Publication puts the parody in George Washington

In its first issue, The GW Carver investigated racial tension in D.C. – racial tension between gray and white squirrels, to be precise.

The Carver, the University’s satirical newspaper, pokes fun at the GW community with fake news stories.

“We like to be devil’s advocate on a lot of issues just for the hell of it,” said junior Elizabeth Roth, the paper’s copy editor. “Basically anything GW is fair game.”

The two-year old newspaper published its first issue in spring 2003 with only a “handful” of staff members, said senior Jesse Bergman, The Carver’s editor in chief. There are now about 15 regular staff members.

Alex Mizrahi, a 2004 GW graduate, and a few of his friends began the publication with a two-fold purpose: “To get laid and to produce some kind of readable magazine with humorous content,” Bergman said.

“They claimed they started it to get girls, but I think he (Mizrahi) really started it because he knew a lot of funny people who were journalism majors. I think it ended up being more than that,” Bergman said. “And I don’t think he got laid, by the way.”

The Carver, which first received Student Association co-sponsorship last spring, received an SA allocation of $640 this year. Each issue, which has a circulation of about 2,000 copies, costs about $300 to print. The group plans to publish three or four issues this year.

The staff funded the publication “out of pocket” with each staff member paying about $20 per issue before they received SA funding, Roth said.

The newspaper, which is typically four pages with an insert, plans to distribute its second issue of the year on Thursday. Roth said the insert in the first issue this fall spoofed the University’s freshman writing program, UW20. The “Revised Program Syllabus” included suggestions for courses such as “The SparkNotes Approach to Shakespeare” and “The Rhetoric of Cereal Labels.”

Roth said the staff meets a few times a month, gathering in places such as J Street and the Ivory Tower food court to throw around ideas. She said anywhere from five to 20 people attend the meetings.

“It gets a little nuts,” Roth said. “If we all think it’s funny, it goes in.”

Faced with financial restrictions, the staff originally considered printing the publication as an advertisement in The Hatchet because they thought it would be less expensive than printing fees. Bergman said they decided not to because they “wanted to do something distinct from The Hatchet.”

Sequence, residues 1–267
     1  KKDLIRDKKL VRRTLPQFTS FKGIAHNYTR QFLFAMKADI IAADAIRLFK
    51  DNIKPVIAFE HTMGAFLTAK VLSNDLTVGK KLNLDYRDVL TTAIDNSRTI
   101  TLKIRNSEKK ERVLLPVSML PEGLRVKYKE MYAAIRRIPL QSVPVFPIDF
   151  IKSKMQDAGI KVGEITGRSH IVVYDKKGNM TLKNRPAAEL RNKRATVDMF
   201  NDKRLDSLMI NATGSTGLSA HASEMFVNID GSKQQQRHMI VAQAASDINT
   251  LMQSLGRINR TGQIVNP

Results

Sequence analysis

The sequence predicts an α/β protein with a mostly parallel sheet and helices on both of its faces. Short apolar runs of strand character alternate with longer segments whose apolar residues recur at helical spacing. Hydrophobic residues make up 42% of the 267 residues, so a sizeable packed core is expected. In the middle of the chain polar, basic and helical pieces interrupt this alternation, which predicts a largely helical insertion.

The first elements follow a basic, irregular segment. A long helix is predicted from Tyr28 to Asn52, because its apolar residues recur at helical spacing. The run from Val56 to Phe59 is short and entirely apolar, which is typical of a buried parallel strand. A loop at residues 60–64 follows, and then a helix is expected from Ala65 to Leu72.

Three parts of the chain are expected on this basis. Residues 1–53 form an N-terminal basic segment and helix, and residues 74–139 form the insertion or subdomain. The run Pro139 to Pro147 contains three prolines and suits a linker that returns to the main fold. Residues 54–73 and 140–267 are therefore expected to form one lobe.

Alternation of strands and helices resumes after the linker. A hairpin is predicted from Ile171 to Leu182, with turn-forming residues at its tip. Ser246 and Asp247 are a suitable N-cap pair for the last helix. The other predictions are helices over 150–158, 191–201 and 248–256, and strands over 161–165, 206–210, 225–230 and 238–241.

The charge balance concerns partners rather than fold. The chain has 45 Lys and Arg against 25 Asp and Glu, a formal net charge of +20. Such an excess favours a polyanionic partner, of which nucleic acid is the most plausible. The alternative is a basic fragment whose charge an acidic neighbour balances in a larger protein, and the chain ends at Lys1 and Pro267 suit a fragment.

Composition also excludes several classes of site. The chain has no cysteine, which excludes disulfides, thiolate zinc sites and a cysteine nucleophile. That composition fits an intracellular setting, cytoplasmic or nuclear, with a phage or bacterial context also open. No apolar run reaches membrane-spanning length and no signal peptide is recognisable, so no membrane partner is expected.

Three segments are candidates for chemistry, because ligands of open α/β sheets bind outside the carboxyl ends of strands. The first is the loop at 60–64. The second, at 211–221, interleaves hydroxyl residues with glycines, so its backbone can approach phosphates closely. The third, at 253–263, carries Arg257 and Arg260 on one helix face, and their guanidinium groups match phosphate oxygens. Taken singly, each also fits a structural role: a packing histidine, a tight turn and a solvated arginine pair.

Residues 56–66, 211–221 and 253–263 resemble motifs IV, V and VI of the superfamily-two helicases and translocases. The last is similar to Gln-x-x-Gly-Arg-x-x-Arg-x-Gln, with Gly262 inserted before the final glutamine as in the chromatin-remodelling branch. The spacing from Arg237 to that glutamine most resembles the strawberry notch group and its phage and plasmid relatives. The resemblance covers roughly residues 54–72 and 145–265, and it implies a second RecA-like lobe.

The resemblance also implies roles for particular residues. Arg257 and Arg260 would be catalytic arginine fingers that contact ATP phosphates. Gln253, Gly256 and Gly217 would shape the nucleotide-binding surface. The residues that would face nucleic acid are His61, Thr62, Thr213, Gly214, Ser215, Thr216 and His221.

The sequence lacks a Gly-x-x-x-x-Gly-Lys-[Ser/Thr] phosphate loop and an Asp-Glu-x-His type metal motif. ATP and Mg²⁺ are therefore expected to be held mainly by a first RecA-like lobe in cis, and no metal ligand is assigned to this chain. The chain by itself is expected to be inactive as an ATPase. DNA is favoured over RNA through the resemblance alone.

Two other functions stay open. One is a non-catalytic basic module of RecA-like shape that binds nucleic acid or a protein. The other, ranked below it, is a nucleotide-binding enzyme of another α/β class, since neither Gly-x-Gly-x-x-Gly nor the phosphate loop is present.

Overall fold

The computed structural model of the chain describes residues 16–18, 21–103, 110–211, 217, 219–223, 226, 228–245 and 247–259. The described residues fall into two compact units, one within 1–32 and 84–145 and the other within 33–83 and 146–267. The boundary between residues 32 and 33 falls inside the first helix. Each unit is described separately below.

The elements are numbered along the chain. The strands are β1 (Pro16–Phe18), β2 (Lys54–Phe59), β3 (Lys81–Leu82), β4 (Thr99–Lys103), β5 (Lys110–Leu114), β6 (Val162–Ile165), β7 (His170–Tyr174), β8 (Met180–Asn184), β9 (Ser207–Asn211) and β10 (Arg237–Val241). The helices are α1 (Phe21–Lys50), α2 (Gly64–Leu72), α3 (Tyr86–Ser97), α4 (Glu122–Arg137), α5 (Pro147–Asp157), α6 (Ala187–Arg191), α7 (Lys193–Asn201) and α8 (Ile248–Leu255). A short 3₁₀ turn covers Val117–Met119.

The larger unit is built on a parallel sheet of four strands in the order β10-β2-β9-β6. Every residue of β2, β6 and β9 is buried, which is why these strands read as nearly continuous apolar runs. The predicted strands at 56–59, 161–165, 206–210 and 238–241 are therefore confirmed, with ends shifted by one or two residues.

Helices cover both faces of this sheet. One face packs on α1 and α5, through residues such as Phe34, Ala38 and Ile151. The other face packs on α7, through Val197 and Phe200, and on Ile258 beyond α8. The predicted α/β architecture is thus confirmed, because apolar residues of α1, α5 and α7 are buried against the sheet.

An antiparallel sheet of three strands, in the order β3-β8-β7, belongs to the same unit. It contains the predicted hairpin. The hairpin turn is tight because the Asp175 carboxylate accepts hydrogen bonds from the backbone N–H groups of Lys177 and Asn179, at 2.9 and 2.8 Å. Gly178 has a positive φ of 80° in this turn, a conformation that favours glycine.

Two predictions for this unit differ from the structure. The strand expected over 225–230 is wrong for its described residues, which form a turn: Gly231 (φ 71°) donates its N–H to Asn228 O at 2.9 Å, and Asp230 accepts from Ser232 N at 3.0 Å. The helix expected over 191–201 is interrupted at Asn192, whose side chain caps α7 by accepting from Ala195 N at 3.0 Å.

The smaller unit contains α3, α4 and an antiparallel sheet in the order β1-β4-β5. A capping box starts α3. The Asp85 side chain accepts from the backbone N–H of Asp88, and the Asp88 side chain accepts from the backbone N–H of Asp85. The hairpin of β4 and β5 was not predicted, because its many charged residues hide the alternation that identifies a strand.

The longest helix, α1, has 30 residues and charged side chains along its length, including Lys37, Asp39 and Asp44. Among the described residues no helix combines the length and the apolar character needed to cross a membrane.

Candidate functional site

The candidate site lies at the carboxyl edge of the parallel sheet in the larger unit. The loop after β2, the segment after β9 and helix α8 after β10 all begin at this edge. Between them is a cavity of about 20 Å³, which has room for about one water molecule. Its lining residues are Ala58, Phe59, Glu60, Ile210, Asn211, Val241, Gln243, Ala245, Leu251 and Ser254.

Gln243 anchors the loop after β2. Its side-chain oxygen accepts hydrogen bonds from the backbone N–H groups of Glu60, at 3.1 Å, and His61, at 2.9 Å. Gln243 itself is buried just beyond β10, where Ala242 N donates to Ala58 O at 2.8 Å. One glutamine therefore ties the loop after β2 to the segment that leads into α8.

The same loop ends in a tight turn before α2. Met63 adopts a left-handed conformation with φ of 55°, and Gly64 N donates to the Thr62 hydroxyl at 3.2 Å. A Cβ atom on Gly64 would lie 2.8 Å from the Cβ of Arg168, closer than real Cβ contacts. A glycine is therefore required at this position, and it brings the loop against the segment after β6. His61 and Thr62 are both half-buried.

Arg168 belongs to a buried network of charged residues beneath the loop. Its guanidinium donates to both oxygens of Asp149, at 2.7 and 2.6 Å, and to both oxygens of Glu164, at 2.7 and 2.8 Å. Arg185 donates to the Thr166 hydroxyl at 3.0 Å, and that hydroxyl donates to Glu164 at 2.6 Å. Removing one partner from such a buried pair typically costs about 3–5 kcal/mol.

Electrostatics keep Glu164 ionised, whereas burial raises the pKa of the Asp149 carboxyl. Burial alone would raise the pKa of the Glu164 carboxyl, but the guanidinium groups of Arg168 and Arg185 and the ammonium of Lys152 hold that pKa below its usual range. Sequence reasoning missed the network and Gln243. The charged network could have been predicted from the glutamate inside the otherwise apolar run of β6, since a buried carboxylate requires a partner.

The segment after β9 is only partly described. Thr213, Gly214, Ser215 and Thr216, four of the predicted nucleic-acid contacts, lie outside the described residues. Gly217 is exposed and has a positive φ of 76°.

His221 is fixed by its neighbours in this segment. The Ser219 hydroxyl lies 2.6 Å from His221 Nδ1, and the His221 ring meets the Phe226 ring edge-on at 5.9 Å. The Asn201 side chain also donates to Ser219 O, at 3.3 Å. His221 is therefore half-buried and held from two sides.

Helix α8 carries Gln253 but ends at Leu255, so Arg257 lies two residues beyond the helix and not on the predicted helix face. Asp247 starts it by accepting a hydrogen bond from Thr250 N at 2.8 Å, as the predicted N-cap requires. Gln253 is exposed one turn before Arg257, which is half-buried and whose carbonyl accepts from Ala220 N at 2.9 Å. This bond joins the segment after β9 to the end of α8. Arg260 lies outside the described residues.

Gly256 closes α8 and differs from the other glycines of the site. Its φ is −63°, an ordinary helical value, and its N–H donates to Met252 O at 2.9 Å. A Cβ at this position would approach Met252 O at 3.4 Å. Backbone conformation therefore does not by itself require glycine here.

“One day we hope to make fun of The Hatchet,” Bergman said. “We haven’t directly lampooned them yet.”

Many humor magazines and satirical publications on college campuses poke fun at their campus newspapers.

“I like to lampoon the Michigan Daily,” said Benjamin Bass, editor-in-chief of The Gargoyle, the University of Michigan’s humor magazine. “Sometimes we parody disingenuous editorials.”

He added that his publication, which is nearly 100 years old, shares a building with the campus newspaper and that they have a friendly relationship. He noted, however, that there had been tension between the two publications in the past.

The Carver does not have a central location and relies on staff members working from home.

Bergman, who watches “The Daily Show with Jon Stewart” regularly, said some staff members read The Onion, a national weekly satirical publication.

Two students at the University of Wisconsin started The Onion in 1988. About four million people read the online and print editions of The Onion each week, according to the newspaper’s website.

“We like to model ourselves after The Onion,” Roth said.

She added that The Carver has “not yet” caused any controversy with material that has appeared in the publication.

“I don’t know if that’s good or bad,” Roth said. “We’d get more attention.”

The Maryland Cow Nipple, the University of Maryland’s satirical publication, may not agree that the attention they got for a story they published four years ago about conflict in the Middle East was beneficial. The editors wrote an apology in the campus newspaper after their story, “Pokemon Dole Out Middle East Peace,” offended some students.

Bass, the Michigan student, said The Gargoyle was kicked off campus in the 1960s for causing controversy on campus when they were critical of the government and the Vietnam War.

Bass added that “a lot of famous people have passed through our ranks,” including famous playwright Arthur Miller, who wrote for The Gargoyle. NBC funnyman Conan O’Brien was an editor for the Harvard Lampoon, the world’s oldest humor magazine, which was founded in 1876.

“We try to live up to our heritage,” said Bass, who added that college campuses provide a wealth of material to satirize. “People here are exploring their identities and really discovering their social roles … it’s a smorgasbord on every college campus. There are many people who take themselves way too seriously.”

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